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Posts tagged ‘jobs’

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Daphne’s List of 7: A word about writing recommendations for people

Times are tough and competition is ferocious. Recommending a friend colleague, student or employee is serious business. What you have to say and how you choose to say it matters and can help sway a hiring manager or other decision-maker when they are deciding to work with an individual. Here are seven tips to consider if you’re ever asked to write a recommendation:

  1. No–feel free to say no. There are many gracious ways to decline a request for a recommendation. If for any reason you are not comfortable recommending a person, say no. Do not recommend a person if you are not confident that you want to recommend them. You are not only promoting the other person when you recommend them, you also are extending your personal and professional reputation to them. There are countless reasons you may not wish to recommend a person, so use your best judgment.
  2. Please write it yourself–there is a common practice of friends, professors and supervisors asking recommendees to write their own recommendations. Please don’t do this. While you might think you’re complimenting the recommendee, you are not. You’re sending a message that you either aren’t sure what to write about this person or that they aren’t worth your time for you to take a few minutes to do it yourself. If you are in a position where you are fortunate to have a 3rd party subordinate (executive assistant, intern, etc.) who can craft a rough recommendation draft for you to fine-tune and add in personal details and, etc. that’s acceptable. Please don’t ask the recommendee to do this, though. This is their moment to learn what you have to say about them, provided it’s an open recommendation. And this can be quite meaningful.
  3. Do ask for details–feel free to ask the recommendee for details so that you don’t have to do all of the work. If you are an employer, as the recommendee to provide salary and work history information. Ask for something in writing detailing the purpose of the recommendation such as who is the recommendation going to, what do they want to know about the recommendee, what is the recommendee proposing to do for the recipient of the recommendation, what qualities or qualifications does the recommendee wish to highlight. One you have these details, make an effort to give a little more than what is requested if you believe this recommendee is worth that.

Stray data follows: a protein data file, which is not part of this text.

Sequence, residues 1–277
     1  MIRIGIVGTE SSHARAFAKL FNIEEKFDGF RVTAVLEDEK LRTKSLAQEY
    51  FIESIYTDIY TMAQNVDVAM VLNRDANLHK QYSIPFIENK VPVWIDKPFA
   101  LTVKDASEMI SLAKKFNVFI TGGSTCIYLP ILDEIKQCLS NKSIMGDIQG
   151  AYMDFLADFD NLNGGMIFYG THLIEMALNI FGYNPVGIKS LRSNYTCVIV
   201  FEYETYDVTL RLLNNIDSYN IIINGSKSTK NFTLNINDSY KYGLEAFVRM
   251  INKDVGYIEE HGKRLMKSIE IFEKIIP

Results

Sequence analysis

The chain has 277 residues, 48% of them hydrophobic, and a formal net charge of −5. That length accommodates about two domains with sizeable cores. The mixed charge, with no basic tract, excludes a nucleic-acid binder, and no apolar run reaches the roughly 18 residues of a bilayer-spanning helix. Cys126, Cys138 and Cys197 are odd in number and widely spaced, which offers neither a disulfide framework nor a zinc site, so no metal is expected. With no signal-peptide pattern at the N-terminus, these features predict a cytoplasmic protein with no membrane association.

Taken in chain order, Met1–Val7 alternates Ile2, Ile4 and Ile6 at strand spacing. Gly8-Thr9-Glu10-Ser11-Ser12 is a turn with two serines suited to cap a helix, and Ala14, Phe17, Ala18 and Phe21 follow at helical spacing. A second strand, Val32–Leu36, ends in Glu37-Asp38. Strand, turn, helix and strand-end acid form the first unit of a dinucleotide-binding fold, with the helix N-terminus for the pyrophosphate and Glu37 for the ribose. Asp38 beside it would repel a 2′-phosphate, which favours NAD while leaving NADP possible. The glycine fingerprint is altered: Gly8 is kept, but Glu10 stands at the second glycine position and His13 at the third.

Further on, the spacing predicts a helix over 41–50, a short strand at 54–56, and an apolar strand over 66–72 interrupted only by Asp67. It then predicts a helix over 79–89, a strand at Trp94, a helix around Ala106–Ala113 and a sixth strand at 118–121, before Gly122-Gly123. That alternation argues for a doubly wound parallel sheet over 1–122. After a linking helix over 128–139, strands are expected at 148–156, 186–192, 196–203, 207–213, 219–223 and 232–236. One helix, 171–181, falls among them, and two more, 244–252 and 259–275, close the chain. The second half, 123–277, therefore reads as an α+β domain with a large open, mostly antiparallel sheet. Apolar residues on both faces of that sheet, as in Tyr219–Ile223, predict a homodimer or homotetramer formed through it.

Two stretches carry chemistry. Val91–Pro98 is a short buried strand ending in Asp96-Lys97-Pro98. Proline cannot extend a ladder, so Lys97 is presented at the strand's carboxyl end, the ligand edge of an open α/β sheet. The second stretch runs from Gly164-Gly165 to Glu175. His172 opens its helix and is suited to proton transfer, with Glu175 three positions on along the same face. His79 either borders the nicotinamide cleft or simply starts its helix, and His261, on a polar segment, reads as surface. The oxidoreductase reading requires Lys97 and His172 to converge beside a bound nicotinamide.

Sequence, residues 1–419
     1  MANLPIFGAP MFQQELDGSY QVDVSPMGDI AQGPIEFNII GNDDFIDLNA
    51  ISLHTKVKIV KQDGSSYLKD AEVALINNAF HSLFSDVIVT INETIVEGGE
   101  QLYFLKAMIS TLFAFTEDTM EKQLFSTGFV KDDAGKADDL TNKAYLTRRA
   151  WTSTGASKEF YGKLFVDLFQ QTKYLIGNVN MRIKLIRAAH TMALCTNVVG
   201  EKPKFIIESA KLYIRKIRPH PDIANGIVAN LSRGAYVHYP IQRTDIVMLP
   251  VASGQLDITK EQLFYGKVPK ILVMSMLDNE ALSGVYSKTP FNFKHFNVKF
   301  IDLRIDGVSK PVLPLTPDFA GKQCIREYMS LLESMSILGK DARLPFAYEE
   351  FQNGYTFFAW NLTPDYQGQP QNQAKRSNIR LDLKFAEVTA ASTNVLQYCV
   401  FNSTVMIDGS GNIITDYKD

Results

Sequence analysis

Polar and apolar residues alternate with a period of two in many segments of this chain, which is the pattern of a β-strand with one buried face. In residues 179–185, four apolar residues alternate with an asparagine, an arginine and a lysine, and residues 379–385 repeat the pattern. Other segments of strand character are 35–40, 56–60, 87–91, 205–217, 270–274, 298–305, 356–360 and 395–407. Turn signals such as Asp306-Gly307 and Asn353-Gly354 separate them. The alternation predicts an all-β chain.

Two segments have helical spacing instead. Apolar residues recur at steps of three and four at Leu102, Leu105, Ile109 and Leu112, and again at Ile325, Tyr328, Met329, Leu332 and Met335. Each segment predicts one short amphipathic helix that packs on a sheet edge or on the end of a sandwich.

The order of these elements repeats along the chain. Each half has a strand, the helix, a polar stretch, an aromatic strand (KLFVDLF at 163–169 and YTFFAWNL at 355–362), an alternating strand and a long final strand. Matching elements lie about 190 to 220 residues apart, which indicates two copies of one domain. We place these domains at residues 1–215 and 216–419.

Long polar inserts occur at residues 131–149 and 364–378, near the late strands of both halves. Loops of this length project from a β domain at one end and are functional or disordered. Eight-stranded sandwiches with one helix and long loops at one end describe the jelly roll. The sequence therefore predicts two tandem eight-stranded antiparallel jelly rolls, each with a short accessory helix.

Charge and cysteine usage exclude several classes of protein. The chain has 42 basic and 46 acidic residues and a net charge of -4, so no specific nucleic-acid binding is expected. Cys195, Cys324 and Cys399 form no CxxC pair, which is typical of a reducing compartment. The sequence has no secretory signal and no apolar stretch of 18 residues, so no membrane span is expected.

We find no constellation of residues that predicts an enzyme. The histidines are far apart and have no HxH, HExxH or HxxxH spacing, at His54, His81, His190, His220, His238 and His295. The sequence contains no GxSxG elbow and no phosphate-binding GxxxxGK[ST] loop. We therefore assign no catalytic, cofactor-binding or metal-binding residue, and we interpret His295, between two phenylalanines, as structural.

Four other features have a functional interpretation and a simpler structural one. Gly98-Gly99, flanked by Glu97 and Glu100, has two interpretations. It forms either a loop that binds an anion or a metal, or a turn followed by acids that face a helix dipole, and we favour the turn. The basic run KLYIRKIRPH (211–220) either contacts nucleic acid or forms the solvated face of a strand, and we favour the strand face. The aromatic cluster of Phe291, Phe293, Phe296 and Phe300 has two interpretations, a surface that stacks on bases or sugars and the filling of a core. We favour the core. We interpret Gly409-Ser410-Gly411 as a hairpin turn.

4. The form–If it is a recommendation form, be honest but not brutal. Be fair. For instance, if you had a particular unfortunate issue with a recommendee, examine your perspective of that issue before you check a box against them. Do you believe that this unfortunate issue will continue and could potentially cause problems, was it something that only happened once or twice, are you certain that your perspective of the issue is accurate, etc. Always fill out the comment section. If when you read the form you determine that honest answers will not be in the best interest of the recommendee, talk to the recommendee. If you feel it would be appropriate, explain why it would be best for you to not complete this form for them. You may also choose to find a shorter, less revealing way to decline completing this form. Not completing the form is a better choice that completing a recommendation for that will have a negative slant. Make certain you let the recommendee know your decision as soon as possible to allow them to find another person to complete the form if possible.
  5. Talk about it–once you have completed the recommendation, feel free to have a discussion with the recommendee about what you’ve written. This could be a meaningful opportunity to verbally reinforce how much you value the recommendee and the talents and experience they have demonstrated to you. Try not to turn this into a coaching session–if this is necessary, please do this at another time. This need not be a long talk, just a couple of words of thanks or encouragement would be very appropriate.
  6. Moving on–if you are the current supervisor of an employee who is wishing to move on from a position and he or she requests a recommendation from you, please try to be supportive if possible. Very few employees stick in the same position for more than a few years anymore, and they deserve an opportunity to move up or move along to help fulfill their personal and professional goals. This can be a difficult conversation for both the employee and employer, but maintaining a positive frame of the conversation from both individuals is critical. After all, you are only being asked for a recommendation. He or she may not get the job, and you will most likely continue working together from here on for quite a while. Try to keep the conversation as positive and comfortable as possible.